Anthony Munday, from The Triumphs of Reunited Britannia London

[Click on image to enlarge] Following the death of Queen Elizabeth in 1603, James VI of Scotland came to the throne as James I of England, ushering in the Stuart dynasty. The people of England, used to regarding the Scots as both alien and inferior, now found themselves under a Scottish ruler, who made no secret of his desire to transform his two kingdoms into a single nation: Great Britain. James's plans for the political union of Scotland and England were met with stubborn opposition from his subjects on both sides of the border. The English Parliament proved so recalcitrant that the project eventually had to be shelved. Scotland would not join England and Wales as part of a single British state until 1707.

In the early years of James's reign, many poets and playwrights sought to flatter their new monarch with pieces celebrating the unity of Britain. Shakespeare's King Lear, with its stark portrayal of the disasters ensuing from Lear's division of Britain, clearly reflects the Stuart king's preoccupations — though Shakespeare's play is too pessimistic in tone, and too complex in its meditations on history and loss, to be labeled as simple propaganda. Far less subtle, and thus probably better calculated to please the king, is Anthony Munday's Triumphs of Reunited Britannia, a pageant performed on the streets of London in 1605.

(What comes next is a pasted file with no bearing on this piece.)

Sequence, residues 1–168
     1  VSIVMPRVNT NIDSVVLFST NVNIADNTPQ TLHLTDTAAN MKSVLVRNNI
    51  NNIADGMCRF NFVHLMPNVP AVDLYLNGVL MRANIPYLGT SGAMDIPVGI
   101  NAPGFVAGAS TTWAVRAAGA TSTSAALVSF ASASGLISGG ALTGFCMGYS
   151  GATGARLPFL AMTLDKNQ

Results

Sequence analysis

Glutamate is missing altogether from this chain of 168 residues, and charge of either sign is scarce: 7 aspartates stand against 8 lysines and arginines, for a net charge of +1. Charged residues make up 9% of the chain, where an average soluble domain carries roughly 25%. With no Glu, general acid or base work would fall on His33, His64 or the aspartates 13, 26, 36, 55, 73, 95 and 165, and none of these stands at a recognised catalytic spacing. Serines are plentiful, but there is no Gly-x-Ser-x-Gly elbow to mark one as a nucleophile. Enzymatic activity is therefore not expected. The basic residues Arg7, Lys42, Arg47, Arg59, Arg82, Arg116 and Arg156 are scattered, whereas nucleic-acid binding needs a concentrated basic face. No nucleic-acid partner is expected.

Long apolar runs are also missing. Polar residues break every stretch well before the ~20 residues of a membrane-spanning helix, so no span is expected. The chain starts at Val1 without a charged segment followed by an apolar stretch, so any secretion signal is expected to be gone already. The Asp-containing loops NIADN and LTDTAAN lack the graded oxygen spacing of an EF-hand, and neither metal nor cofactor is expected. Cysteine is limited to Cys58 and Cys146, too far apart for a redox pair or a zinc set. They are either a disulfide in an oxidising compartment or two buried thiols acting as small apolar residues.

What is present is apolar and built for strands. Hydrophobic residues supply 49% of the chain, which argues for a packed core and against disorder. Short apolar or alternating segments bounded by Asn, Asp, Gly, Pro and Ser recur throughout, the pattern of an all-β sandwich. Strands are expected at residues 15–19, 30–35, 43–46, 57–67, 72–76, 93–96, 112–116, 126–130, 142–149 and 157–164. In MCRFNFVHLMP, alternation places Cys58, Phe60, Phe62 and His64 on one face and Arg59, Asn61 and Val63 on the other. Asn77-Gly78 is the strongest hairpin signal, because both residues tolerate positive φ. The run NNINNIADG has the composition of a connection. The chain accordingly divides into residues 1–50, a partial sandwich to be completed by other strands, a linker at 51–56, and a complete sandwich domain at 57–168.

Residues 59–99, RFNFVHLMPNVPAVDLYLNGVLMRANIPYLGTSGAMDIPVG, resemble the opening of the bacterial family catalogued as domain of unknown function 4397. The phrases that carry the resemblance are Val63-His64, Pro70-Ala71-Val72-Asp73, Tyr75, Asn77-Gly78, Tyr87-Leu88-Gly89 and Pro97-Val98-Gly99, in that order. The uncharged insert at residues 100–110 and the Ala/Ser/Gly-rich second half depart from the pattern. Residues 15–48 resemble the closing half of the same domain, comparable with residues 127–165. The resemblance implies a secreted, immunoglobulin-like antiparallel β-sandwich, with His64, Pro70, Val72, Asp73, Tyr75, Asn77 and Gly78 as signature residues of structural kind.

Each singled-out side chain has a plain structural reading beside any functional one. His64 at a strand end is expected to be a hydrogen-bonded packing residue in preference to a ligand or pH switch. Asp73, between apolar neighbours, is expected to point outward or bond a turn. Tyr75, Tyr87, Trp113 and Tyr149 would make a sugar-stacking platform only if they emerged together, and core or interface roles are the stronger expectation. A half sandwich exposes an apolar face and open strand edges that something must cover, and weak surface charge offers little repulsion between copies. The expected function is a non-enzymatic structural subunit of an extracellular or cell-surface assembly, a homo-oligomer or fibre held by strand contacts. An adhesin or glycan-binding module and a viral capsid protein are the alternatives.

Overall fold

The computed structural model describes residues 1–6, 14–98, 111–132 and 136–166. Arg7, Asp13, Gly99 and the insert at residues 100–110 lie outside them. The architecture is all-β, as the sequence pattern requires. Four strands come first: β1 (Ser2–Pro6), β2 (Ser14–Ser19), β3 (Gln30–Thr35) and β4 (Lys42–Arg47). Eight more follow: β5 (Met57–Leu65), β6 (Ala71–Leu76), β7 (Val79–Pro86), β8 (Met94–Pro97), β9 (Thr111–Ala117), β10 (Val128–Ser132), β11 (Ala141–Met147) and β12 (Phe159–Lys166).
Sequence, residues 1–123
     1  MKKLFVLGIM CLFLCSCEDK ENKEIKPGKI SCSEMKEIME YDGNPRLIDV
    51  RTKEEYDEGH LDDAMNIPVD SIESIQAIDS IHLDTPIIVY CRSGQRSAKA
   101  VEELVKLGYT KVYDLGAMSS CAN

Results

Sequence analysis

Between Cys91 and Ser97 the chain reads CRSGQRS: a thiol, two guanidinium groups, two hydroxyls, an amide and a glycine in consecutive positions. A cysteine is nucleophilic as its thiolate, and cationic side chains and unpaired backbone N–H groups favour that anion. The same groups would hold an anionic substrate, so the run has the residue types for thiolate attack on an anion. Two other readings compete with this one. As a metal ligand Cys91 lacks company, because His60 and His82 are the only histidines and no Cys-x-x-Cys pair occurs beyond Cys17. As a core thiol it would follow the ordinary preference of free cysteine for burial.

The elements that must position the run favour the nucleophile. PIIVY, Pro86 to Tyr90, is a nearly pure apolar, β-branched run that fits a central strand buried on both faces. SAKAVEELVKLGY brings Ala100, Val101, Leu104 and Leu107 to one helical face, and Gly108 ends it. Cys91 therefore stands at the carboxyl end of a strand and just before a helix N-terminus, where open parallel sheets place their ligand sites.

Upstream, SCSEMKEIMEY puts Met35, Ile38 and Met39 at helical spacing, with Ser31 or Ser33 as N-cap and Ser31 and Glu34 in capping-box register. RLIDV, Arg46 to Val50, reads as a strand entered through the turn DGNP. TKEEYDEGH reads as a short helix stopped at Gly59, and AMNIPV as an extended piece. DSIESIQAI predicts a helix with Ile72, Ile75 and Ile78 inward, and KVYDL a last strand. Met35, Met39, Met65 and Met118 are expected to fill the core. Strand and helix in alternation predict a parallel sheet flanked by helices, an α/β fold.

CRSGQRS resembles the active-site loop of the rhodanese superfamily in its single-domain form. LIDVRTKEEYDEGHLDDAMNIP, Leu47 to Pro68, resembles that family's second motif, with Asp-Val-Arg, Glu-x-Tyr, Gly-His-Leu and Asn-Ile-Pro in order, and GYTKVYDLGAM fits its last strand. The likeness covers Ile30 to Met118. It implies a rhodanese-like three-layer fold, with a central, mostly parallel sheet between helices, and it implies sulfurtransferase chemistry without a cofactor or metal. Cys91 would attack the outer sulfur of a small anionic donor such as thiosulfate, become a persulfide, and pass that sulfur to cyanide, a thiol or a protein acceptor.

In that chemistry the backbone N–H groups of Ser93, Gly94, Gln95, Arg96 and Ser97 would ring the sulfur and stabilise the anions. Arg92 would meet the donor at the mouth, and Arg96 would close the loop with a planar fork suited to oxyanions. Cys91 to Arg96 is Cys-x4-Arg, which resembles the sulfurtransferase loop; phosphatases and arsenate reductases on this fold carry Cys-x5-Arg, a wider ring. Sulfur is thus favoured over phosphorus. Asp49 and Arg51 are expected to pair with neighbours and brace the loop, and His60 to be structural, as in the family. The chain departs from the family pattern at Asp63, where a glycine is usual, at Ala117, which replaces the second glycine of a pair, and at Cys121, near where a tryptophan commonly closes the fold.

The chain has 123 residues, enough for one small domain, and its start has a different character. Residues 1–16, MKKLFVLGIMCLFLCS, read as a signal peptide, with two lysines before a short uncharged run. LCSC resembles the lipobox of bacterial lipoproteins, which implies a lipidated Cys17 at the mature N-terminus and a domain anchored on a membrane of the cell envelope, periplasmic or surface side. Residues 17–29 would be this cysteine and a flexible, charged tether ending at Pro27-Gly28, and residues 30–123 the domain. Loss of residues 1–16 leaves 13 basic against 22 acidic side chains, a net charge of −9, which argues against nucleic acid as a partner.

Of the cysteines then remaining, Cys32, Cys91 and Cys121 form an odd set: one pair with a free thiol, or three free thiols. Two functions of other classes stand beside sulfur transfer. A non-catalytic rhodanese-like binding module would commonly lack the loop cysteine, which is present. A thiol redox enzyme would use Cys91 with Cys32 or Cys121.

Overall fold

Like Shakespeare's play, the pageant focuses on distant British antiquity. According to the chronicles of the time, Britain had been founded by the Trojan Brutus, who arrived there around the twelfth century b.c. (While this medieval legend had already been dismissed by most serious historians, it maintained a powerful hold on the popular imagination.) Brutus had founded the city of London, which he named Troya Nova. At the end of his life he divided the island of Britain among his three sons, Locrine, Camber, and Albanact, whose realms were thereafter known as Loegria (England), Cambria (Wales), and Albania (Scotland).

The first excerpt describes the staging of the pageant, and summarizes the action. In the second excerpt, drawn from the middle of the pageant, Brutus and his sons celebrate the long-awaited reunion of Britain under the "second Brute," King James.